Like a lot of women, Karen Barré had always had irregular periods, but she never gave them much thought. At least, the Langley resident didn’t worry about them too much until she wanted to have a baby. After more than a year of trying to conceive, Barré went to her doctor and found out the explanation for her wonky menstrual cycles and her inability to get pregnant: polycystic ovary syndrome.
“I guess I fit a lot of the criteria for it,” Barré, 31, tells the Georgia Straight on the line from her home. Besides infrequent periods and fertility problems, she had started gaining weight in her early 20s and couldn’t seem to lose it, even with regular exercise and a healthy diet.
She was lucky her doctor knew to test her for PCOS given that she didn’t have any other of the hormonal condition’s telltale signs, such as acne, facial hair, the development of skin tags, excessive bleeding during her periods, and hair thinning or loss. Still, Barré wasn’t exactly open to hearing the news.
“I wasn’t willing to accept the diagnosis,” Barré explains. “I really didn’t want to do Clomid [a fertility drug] or take drugs that had a lot of side effects.”
In January 2008 she went to see a doctor of traditional Chinese medicine.
“I was pregnant three months later,” says Barré, who is now the mother of an eight-week-old girl.
There are many approaches to treatment for PCOS, which, according to the Canadian Women’s Health Network, affects six to 10 percent of women. PCOS causes the ovaries to produce high levels of androgen, a male hormone. Consequently, the eggs that the ovaries would normally produce develop into tiny sacs filled with liquid. The cysts build up in the ovaries and can become enlarged.
Jerrilyn Prior, a doctor and professor of endocrinology and metabolism at UBC, prefers a different name for the condition: anovulatory androgen excess.
“Polycystic ovary syndrome is wrong because you can have many cysts in the ovaries but not have this syndrome,” says Prior, who in 2002 founded the Centre for Menstrual Cycle and Ovulation Research. “The term doesn’t emphasize the importance of not ovulating, which is the real problem. Anovulatory androgen excess implies that it’s not a disease but a condition that can be successfully treated.”
When she started working in her field in 1977, Prior says, the condition was largely treated by dermatologists and gynecologists. Difficult cases ended up in her hands. She ended up writing a handout on symptoms and treatment that she gave out to as many physicians as she could.
“Family doctors should be treating this,” she says. “There’s no reason to see a specialist.”¦It’s a hormonal imbalance, and it’s treatable.”
PCOS, or AAE, is commonly treated with the birth-control pill, which helps reduce facial hair. The problem with the pill, according to Prior, is that it doesn’t restore hormonal balance. She says that women with AAE don’t make enough progesterone, which causes the increase in male hormones and leads to irregular periods and infertility. She treats the condition with cyclic progesterone therapy.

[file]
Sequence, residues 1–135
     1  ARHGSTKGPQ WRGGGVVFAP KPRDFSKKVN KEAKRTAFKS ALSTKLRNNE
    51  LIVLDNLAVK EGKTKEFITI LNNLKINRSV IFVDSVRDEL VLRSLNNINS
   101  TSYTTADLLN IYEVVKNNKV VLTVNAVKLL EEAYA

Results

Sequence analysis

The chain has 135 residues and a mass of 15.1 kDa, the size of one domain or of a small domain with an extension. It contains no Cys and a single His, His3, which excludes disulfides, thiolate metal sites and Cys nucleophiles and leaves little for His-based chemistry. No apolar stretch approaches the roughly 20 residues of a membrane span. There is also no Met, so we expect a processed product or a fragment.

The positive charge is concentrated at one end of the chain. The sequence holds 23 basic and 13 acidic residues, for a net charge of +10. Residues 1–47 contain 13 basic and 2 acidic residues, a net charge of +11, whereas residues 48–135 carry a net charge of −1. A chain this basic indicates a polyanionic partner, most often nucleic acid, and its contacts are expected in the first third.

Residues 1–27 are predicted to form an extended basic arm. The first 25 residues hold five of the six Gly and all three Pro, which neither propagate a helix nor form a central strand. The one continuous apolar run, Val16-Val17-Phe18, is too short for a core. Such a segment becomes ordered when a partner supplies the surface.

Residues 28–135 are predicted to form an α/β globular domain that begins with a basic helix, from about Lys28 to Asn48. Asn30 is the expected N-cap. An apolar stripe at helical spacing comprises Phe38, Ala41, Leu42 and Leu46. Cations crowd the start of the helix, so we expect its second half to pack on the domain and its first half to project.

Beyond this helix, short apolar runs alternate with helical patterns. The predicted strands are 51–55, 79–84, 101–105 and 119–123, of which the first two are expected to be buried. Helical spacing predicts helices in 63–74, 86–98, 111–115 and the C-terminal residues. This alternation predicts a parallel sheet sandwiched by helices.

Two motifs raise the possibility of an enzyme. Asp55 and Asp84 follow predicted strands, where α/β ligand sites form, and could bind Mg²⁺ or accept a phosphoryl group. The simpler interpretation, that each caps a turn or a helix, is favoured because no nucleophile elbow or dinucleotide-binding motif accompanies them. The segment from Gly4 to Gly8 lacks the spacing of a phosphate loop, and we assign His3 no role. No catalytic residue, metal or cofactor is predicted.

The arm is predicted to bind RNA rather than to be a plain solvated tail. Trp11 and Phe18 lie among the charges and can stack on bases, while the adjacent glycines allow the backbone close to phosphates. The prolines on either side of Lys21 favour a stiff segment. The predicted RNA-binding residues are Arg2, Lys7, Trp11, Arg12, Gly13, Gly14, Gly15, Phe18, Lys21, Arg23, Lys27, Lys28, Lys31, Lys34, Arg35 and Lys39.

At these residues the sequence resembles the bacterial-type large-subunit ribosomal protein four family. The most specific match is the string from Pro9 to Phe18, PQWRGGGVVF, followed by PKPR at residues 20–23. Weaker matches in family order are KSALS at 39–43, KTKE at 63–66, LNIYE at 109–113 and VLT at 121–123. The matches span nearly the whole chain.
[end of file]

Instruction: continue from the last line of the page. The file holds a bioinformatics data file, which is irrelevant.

“Progesterone is usually missing, so replacing it makes sense,” she explains. “Taking progesterone for two weeks every month may get the hypothalamus thinking cyclically again.”¦I’ve seen women take this therapy and totally reverse their AAE. They’ve gone on to get pregnant on their own without IVF [in vitro fertilization].
“This is a syndrome with emotional overtones,” Prior adds. “For women who have facial hair and acne and increased body hair and weight gain, it can be devastating.”
To combat those troubling symptoms, Prior has also used spironolactone, a drug that blocks male hormones.
The condition is also linked to insulin resistance, Type 2 diabetes, and heart disease, Prior says. Consequently, diet, exercise, and lifestyle play a role in its treatment.
Lorne Brown agrees. The doctor of traditional Chinese medicine is the founder of Acubalance Wellness Centre, which specializes in treating infertility and reproductive health.
“With some women, weight loss, a low glycemic-index diet, and exercise may help decrease insulin resistance and start normal ovulation,” Brown says in a phone interview.
“Exercise also reduces cortisol, the stress hormone. Chronic stress leads to an increase in visceral abdominal fat, that stubborn belly fat that puts people at risk of heart disease and hypertension”¦and that’s really dangerous for health. Anything that is destressing—meditation, yoga, acupuncture, exercise—will help reduce cortisol levels.”¦There are so many things women can do naturally to help with PCOS.”
Acupuncture, Brown adds, holds great promise in treating PCOS. He points to a review published last year in the Journal of Neuroendocrinology that found that electric acupuncture stimulates ovarian blood flow and could increase insulin sensitivity. Although more study is needed into the Chinese modality’s effectiveness, one advantage of acupuncture over pharmaceutical approaches is its lack of side effects.
Brown has posted on the Acubalance Web site a diet specifically to treat PCOS. Among the suggestions are for women to eliminate refined carbohydrates (such as white pasta and flour), have a daily serving of legumes, limit dairy products, and add one or two tablespoons of cinnamon to cereal each morning, which is said to help decrease insulin resistance.
Brown’s approach appealed to Barré because she valued traditional Chinese medicine’s holistic philosophy.
“Even having acupuncture, I was in a quiet room with aromatherapy and meditative music; I started to relax,” Barré says. “I started to feel positive and hopeful.”